Jim Anderson was a man above reproach. He was well respected by all. He always ultimately made the right decision for the family. He was always there when he needed to be—delicately balancing work, community, and family. In fact, some say the show’s success hinged on the fact that Jim Anderson wasn’t really like a “Father” at all – he was more like a “Dad”.
This raises some interesting questions. What is the difference between a father and a dad? Are they synonymous? Is one more important than the other? Which one is my father? Which one am I?
As I ponder this question, I think about the biblical reference to God as “Abba Father”. The word “Abba” is an Aramaic word most closely translated as “Daddy.” It was a common term that young children would use to address their fathers. It signifies the close, intimate relationship of a father to his child.
For me, this dimension of God as Abba Father illuminates the real difference between a father and a dad. It is about intimacy.
It only takes a few minutes and one sperm to become a father. But, it takes a life-time to be a dad.
- A father gives resources to his family. A dad gives himself to his family.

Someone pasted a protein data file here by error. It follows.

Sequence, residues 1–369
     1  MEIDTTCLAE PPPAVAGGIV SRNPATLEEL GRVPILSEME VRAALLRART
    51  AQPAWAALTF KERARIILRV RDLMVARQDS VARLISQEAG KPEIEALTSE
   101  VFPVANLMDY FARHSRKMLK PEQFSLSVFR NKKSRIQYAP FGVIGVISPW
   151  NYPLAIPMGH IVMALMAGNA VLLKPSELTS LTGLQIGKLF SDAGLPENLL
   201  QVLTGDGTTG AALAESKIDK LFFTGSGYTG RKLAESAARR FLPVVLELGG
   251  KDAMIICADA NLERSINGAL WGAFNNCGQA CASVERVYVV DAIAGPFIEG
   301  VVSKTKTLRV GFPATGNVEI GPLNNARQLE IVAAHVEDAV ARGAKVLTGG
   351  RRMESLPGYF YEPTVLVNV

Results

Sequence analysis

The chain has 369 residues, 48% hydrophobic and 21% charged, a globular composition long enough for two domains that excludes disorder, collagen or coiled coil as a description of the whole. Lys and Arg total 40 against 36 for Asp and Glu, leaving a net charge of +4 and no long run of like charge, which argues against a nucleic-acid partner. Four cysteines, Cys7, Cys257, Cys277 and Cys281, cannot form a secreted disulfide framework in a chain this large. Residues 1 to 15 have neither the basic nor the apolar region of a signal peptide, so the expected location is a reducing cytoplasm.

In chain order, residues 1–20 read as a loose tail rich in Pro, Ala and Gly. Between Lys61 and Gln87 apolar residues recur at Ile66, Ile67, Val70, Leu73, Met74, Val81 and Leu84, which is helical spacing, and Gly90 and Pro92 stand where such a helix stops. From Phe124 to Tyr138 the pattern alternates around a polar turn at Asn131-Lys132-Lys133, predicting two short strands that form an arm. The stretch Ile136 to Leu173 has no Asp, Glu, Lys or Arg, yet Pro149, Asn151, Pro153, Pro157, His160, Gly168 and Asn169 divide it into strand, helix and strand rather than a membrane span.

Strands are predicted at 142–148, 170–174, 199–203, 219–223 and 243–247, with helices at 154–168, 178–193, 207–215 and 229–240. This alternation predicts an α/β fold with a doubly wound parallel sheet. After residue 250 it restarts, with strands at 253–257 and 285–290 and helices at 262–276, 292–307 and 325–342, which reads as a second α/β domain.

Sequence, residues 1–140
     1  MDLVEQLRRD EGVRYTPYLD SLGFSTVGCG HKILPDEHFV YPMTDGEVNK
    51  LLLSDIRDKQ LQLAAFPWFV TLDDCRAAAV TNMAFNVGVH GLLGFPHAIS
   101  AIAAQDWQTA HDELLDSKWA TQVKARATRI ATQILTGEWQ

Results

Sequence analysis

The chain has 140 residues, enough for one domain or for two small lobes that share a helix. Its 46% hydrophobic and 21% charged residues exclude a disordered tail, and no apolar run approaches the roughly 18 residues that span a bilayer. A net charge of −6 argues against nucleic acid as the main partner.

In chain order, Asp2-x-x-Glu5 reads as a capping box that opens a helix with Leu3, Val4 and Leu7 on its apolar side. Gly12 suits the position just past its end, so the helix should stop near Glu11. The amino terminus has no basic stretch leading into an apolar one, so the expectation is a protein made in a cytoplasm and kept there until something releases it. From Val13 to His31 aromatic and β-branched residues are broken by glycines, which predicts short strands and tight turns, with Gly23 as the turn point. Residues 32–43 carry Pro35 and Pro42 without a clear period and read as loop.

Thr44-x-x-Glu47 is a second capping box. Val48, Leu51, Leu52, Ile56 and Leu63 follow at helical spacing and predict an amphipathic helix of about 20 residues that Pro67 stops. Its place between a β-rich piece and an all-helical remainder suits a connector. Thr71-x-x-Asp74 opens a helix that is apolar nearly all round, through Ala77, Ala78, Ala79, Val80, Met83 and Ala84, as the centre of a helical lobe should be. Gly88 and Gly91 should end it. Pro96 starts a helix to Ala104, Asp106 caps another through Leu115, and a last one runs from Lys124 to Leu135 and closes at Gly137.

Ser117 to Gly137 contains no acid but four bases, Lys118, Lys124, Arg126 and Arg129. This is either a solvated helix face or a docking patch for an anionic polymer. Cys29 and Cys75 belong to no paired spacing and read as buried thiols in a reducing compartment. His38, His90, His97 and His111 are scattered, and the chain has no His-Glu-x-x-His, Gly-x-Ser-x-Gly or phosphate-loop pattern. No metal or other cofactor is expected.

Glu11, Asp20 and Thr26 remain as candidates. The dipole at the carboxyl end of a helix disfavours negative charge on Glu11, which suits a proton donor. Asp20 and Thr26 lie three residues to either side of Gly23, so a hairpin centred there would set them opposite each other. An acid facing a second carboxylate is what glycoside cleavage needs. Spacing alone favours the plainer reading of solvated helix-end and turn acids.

- A father will tell his children what to do. A dad will show them how to do it
- A father guards his family’s physical well-being. A dad also defends them emotionally and spiritually
- A father pushes to the limit. A dad pushes beyond the limit.
Being a dad is about nurturing your children from birth to death—often fighting through major barriers (e.g., custody battles, crazed schedules, geographic distance) to do so. Why? A dad wants to know and be known intimately with his children. A dad understands that the way his children see him influences their ability to see God as Abba Father and ultimately live out their true calling and destiny.
When I contrast being a father or a dad, I’m able to see my experience with my own father from a place of human frailty and understand the role of grace. Ironically, I’m able to see the strength of weakness.
My father is a great dad—not in comparison to a fictitious television character that seems to always know best. But, when compared to God’s edict to be intimate with his children—my father excels because I choose to remember his strengths rather than his shortcomings.